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Historic Chesterfield

The original village of Chesterfield remains intact, on Olive Street Road.  A tidy, if slightly worn row of houses marks the spot.

Many of the houses now seem to be businesses and offices, judging from the parking lots.

Olive Street Road came all of the way out from the city, and I think it was a plank road that went over to Howell Island and then crossed the Missouri River.

My parents’ neighbor, who grew up in the area when it was rural, said the building above was originally a bank, which makes sense.

The Ascension Roman Catholic church, once a humble little country church, has now blossomed into a much larger congregation.

4 Comments

  1. The little brick building, just out of sight to the left of photo #1 was once the telephone exchange for C-field (it is now Mainini Tile). Every time there was a good rain, our service was cut off – the water ran down the hill into into the building – bad planning on SWB’s part. I moved to an early subdivision there in the ’60s, long before it became Weste Countye (fortunately long back in Kirkwood).
    This was at the original intersection of Wild Horse Creek and old US40, in front of the houses. WHC was relocated East some years ago and the old US route became Old Chsterfield Road.

    I see that the fireplug in front of what used to be the feed and grain store has been relocated; I backed into the original one in my ’69 VW Bus and left it bent at a 20º angle – I looked out the back, expecting to see a geyser, but nothing happened, so I skedaddled, but fast! It remained that way for years. The building is located immediately across from the row of houses.

    The bank that occupied the building moved sometime around 1960 to a brick building, long vanished, in front of what became the Mall. Then it moved around 1980 or so to a more modern building alongside original Clarkson Road (dunno if still there). Along the way it morphed from C-field Bank to Boatmens (?) to ? and now to US Bank (I think).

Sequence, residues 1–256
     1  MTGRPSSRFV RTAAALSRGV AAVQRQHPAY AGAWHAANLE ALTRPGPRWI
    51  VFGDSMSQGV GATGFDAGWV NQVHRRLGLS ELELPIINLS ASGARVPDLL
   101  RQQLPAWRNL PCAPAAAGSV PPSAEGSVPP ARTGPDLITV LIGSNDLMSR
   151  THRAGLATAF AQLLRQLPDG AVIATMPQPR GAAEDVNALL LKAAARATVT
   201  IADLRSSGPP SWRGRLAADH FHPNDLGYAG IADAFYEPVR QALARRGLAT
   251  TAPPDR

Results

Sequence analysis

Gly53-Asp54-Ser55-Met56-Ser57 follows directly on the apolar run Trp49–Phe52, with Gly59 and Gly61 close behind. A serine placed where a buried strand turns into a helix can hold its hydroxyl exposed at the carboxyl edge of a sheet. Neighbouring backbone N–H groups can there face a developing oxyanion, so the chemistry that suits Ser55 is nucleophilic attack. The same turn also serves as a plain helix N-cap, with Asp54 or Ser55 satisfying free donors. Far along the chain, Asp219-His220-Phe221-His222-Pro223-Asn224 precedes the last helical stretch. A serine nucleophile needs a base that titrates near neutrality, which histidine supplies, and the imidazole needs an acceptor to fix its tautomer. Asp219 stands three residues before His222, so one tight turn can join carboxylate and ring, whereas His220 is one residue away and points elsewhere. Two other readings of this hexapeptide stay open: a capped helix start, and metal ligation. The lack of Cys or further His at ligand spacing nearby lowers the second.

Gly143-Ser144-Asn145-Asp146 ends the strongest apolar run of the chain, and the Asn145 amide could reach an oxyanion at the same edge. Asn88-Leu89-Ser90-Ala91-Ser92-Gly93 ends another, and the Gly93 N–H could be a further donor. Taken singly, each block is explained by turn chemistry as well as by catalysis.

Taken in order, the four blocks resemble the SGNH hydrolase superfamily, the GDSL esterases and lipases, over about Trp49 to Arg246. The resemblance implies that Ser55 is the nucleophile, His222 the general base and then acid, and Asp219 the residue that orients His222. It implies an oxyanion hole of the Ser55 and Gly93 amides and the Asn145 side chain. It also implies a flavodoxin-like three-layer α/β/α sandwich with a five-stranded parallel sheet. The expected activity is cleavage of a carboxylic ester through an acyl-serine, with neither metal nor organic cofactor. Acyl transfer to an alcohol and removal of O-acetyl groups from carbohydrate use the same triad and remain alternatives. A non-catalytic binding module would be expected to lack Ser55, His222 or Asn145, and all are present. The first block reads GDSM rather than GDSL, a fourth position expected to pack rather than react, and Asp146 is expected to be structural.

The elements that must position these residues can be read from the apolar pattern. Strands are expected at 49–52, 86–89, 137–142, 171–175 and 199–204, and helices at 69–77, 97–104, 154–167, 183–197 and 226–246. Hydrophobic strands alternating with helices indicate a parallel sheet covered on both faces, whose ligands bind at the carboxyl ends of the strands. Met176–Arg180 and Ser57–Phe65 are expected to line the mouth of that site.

2. I work in the building in picture #3 (the one on the right). We also rent the building behind us, which used to be a carriage house. I think this whole street is on the National Historic Registry – ours was built in 1925. There also used to be a historic building called the Brickyard across the street, which was torn down to make way for a “park.” For the past 2 years, however, it has been a gravel parking lot where trucks drive through when it’s raining and muddy.

    From what I hear, the building on the corner of Baxter and Old Chesterfield (the one that used to be a bank) is now an architect, and they have a lot of info on this history of this street and some historical photographs. Might be something interesting to look in to!

  3. Just a heads-up, this is not the original village of Chesterfield. It is the second one. The original village laid out by Justus Post was up on Wild Horse Creek Road west of Baxter where Wild Horse Elementary is. There is an historical marker there in front of the school. The old one room school was just across the street. It had been converted into a home and then (as happens all too often in Chesterfield) was torn down to build a new home.

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